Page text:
New Kusile unit handed over to Eskom’s generation division

New Kusile unit handed over to Eskom’s generation division
A file photo shows the under-construction Kusile power station. Image: JMK/Wikimedia Commons

Eskom has completed unit 4 at the Kusile power station, the long-delayed coal-fired power station, with the unit officially handed over to the company’s generation division on Tuesday.

This follows five months of “vigorous testing and optimisation”, Eskom said in a statement.

The unit was connected to the national grid in December last year, but during its testing phase was not considered to be part of Eskom’s commercial fleet.

Two additional units at the six-unit Kusile, which is eventually expected to cost more than R118-billion and which has been beset by years of setbacks and delays, must still be completed.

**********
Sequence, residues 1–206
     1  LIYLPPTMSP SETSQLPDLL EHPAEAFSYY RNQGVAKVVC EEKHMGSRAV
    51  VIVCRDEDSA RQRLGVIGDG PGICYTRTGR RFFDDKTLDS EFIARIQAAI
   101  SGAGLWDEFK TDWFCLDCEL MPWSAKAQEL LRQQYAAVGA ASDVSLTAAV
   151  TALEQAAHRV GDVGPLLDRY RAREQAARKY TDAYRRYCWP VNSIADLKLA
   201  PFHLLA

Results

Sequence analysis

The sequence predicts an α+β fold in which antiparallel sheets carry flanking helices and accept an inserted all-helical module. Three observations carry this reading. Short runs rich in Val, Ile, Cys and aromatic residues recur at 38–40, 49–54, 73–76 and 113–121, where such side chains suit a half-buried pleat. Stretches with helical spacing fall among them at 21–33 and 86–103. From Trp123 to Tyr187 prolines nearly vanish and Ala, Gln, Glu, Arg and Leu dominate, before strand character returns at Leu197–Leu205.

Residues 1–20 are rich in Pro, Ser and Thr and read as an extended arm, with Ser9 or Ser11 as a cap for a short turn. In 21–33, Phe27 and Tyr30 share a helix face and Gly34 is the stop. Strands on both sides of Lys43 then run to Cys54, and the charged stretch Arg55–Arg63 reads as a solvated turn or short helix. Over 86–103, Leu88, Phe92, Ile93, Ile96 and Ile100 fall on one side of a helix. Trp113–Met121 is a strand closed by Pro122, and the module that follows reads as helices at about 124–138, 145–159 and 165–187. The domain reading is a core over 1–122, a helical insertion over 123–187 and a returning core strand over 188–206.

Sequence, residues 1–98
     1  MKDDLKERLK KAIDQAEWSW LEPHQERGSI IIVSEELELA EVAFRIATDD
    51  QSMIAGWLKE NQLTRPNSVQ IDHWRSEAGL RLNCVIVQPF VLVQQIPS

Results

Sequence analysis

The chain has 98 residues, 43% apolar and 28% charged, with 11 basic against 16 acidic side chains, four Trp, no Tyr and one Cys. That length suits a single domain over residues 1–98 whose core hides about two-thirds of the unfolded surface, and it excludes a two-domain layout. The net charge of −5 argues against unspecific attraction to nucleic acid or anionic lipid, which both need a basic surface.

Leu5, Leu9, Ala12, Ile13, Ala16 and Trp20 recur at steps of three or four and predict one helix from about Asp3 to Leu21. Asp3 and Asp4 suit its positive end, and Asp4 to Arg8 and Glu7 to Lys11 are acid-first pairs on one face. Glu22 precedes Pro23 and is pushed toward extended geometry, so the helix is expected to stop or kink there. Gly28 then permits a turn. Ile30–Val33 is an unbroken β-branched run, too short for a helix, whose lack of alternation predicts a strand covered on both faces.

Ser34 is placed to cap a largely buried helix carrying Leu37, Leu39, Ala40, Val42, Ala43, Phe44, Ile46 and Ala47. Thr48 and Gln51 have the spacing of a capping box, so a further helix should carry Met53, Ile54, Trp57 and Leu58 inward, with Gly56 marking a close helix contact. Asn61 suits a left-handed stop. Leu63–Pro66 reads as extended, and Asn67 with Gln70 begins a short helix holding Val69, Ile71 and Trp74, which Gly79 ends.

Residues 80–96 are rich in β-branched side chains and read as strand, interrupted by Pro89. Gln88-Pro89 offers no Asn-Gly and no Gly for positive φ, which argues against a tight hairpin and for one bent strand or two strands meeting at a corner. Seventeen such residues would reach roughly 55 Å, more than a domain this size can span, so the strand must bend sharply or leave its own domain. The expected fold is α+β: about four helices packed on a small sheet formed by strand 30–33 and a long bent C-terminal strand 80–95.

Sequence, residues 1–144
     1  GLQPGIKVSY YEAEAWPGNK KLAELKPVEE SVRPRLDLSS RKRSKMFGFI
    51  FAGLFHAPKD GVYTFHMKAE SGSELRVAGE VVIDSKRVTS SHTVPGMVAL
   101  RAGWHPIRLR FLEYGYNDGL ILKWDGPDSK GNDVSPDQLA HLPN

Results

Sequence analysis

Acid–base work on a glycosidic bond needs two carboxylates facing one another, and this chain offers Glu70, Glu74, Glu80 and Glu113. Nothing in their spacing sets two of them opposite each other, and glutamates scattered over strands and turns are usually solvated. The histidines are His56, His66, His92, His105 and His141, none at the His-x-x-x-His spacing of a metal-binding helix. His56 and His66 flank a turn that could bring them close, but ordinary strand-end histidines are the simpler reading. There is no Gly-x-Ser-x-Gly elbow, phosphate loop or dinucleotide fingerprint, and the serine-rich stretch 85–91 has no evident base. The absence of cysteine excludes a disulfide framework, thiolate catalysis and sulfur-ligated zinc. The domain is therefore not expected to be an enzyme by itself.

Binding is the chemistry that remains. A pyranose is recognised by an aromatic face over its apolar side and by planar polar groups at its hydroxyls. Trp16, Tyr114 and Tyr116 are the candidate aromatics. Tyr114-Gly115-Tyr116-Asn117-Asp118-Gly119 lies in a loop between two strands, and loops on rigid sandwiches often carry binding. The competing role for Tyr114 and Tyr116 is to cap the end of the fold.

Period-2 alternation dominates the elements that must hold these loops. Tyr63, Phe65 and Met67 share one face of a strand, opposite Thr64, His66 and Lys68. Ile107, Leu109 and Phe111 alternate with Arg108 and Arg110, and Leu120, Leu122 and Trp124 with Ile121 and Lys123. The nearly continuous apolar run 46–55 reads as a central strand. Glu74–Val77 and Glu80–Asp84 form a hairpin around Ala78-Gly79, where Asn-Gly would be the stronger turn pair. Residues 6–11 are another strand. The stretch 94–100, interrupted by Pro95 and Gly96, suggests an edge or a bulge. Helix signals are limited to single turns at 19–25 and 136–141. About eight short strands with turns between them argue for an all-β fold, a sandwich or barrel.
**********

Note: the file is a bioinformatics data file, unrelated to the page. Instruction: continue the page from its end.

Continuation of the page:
“The Kusile project team and Eskom are working tirelessly to complete the rest of the project without any further delays as the country needs every megawatt of power it can get,” said Bheki Nxumalo, the Eskom group executive for capital projects, in the statement.

Unit 4 has undergone a series of tests while intermittently supplying electricity over the past five months. Since synchronisation in December 2021, the unit has performed to expectation, intermittently sending up to 720MW of electricity into the grid and contributing to reducing the implementation of load shedding, Eskom said.

At completion, the station will consist of six units, and will produce a maximum of 4.8GW of electricity. Situated near eMalahleni (Witbank) in Mpumalanga, Kusile is South Africa’s largest construction project and will be the world’s fourth largest coal plant at completion.

Kusile is the first power station in South Africa to use wet flue gas desulphurisation technology to remove oxides of sulphur, including sulphur dioxide, in its emissions.

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